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This article in JEQ

  1. Vol. 11 No. 4, p. 694-700
    Received: June 4, 1981

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Cadmium-Enriched Sewage Sludge Application to Acid and Calcareous Soils: Effect on Soil and Nutrition of Lettuce, Corn, Tomato, and Swiss Chard1

  1. R. J. Mahler,
  2. F. T. Bingham,
  3. A. L. Page and
  4. J. A. Ryan2



Eight soils with pH values ranging from 4.8 to 7.8 were amended at a 1% rate with a municipal sewage sludge containing variable amounts of CdSO4. The resultant concentrations of Cd in the soils ranged from 0.1 to 160 µg Cd/g. To observe the interactive effects of soil pH and Cd on elemental composition of plants, lettuce (Lactuca sativa var. Longifolia), tomato (Lycopersicon esculentum Mill.), sweet corn (Zea mays L.), and Swiss chard (Beta vulgaris var. cicla) were grown for 7 weeks in a greenhouse in pots containing the treated soils. Comparison of Cd availability to lettuce, Swiss chard, corn, and tomato grown on acid soils with that on calcareous soils revealed less Cd uptake by plants under alkaline soil conditions.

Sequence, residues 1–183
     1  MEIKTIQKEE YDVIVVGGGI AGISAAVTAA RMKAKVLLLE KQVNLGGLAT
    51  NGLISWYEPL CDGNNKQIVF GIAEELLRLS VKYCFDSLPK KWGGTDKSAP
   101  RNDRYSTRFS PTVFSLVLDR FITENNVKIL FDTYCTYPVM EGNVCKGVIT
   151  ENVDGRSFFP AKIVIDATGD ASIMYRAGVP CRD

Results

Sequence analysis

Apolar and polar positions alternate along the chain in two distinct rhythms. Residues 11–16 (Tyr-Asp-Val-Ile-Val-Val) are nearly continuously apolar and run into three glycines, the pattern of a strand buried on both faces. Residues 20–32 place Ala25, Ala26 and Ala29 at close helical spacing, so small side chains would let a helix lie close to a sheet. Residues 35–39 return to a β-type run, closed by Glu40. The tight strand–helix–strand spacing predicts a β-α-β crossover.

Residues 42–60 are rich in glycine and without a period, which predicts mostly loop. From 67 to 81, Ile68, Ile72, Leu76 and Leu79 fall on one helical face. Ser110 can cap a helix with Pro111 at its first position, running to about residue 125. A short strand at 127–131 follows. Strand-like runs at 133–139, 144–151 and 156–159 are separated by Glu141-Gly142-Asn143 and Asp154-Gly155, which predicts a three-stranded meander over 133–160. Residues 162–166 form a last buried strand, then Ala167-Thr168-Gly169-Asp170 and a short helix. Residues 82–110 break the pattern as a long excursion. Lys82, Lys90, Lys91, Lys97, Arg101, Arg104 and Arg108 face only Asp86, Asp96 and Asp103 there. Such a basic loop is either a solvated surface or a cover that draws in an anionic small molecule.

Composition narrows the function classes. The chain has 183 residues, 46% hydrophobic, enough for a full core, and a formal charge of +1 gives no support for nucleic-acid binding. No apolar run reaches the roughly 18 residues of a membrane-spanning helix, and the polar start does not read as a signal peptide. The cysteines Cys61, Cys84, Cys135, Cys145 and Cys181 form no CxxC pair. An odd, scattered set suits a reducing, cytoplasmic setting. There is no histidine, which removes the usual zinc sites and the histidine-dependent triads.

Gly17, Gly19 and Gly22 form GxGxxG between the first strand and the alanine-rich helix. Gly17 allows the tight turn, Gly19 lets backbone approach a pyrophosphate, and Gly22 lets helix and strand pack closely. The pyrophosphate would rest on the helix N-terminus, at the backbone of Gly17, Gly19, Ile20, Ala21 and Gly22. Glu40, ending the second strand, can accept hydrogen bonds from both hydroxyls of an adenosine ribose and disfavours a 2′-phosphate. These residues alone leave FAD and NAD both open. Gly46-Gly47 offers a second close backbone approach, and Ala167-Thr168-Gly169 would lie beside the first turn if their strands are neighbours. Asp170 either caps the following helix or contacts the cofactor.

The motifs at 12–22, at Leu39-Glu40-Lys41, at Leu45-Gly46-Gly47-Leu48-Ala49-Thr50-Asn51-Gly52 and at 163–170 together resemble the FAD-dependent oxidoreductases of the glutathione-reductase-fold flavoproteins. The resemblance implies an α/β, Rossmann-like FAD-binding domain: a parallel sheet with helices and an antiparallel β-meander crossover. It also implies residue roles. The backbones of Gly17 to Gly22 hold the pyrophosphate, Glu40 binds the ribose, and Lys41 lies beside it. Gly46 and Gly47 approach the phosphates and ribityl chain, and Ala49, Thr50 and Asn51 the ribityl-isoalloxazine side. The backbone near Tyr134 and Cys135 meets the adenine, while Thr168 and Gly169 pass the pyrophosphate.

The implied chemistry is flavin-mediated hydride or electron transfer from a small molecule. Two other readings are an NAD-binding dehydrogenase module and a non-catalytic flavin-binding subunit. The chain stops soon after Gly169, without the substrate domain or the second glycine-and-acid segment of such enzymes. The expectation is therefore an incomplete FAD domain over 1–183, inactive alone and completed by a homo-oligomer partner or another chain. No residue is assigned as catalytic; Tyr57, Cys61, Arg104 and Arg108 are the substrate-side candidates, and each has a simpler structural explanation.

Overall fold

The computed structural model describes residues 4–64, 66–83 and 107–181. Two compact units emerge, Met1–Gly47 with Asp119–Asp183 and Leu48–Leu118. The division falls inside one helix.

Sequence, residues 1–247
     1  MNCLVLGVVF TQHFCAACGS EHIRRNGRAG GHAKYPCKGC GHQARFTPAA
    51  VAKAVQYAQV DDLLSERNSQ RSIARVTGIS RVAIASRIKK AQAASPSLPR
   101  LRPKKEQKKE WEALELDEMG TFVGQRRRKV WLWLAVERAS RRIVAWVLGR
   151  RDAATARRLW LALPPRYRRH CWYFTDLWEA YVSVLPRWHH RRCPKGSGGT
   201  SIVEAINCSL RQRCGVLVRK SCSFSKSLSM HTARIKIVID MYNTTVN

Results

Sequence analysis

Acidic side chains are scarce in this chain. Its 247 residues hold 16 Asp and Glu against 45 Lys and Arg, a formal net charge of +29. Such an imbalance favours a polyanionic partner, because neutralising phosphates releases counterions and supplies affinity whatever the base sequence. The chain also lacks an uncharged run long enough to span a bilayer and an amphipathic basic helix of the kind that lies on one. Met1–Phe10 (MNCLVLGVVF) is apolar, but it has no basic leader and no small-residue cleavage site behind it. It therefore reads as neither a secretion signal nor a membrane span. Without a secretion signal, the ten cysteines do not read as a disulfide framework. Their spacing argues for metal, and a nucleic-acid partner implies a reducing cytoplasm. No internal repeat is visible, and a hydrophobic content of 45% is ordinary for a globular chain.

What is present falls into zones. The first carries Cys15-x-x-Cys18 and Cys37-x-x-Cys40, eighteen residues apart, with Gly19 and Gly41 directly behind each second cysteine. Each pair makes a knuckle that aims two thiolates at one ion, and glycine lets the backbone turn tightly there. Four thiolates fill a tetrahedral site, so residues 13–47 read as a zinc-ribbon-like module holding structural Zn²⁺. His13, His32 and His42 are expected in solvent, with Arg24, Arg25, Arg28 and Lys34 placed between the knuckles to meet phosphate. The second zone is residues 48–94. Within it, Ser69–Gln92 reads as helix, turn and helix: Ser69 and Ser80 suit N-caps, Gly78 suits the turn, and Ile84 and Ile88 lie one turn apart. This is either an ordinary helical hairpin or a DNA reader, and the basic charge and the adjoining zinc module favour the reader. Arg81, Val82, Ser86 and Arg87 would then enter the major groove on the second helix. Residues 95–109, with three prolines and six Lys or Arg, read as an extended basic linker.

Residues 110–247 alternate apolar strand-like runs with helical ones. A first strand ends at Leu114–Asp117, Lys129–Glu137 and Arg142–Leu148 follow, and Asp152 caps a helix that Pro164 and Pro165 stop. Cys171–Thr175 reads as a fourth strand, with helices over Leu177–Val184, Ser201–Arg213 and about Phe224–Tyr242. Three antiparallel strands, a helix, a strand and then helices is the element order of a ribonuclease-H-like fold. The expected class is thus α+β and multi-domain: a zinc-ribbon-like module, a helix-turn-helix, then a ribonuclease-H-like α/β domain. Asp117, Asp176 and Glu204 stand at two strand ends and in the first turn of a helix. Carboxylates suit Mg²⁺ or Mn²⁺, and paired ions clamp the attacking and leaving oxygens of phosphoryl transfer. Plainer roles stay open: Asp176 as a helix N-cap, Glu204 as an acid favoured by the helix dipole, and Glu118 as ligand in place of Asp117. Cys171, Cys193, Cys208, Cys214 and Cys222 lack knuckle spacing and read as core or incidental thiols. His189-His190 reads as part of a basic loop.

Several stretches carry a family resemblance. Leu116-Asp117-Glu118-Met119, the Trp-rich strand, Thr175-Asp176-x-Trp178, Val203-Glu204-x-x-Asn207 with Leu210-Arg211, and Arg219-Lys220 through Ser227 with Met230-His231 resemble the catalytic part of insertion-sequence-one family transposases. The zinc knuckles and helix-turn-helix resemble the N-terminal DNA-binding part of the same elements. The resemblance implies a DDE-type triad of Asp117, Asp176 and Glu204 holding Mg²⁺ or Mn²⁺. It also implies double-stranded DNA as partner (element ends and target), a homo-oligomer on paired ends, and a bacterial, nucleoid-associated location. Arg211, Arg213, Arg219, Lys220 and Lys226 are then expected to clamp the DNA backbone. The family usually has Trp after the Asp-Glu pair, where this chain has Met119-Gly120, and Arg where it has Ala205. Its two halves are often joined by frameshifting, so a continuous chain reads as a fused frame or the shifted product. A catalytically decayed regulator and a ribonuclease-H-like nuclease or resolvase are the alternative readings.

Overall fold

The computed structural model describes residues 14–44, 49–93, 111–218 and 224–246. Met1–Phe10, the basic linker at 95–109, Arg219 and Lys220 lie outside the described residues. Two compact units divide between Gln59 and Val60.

The concentrations of Cd in the saturation extracts of the calcareous soil groups were significantly greater than those of the acid soil groups; however, this was not reflected in greater plant uptake of Cd from the calcareous soils.

Cadmium additions to the soils generally decreased Zn and Mn concentrations in saturation extracts in calcareous soils. These decreases were reflected in reduced concentrations of Zn and Mn in leaves of the test crops. The relationships between saturation-extract compositions of Cd, Zn, and Mn and their plant compositions were found to be different for the acid as compared with the calcareous soil groups.

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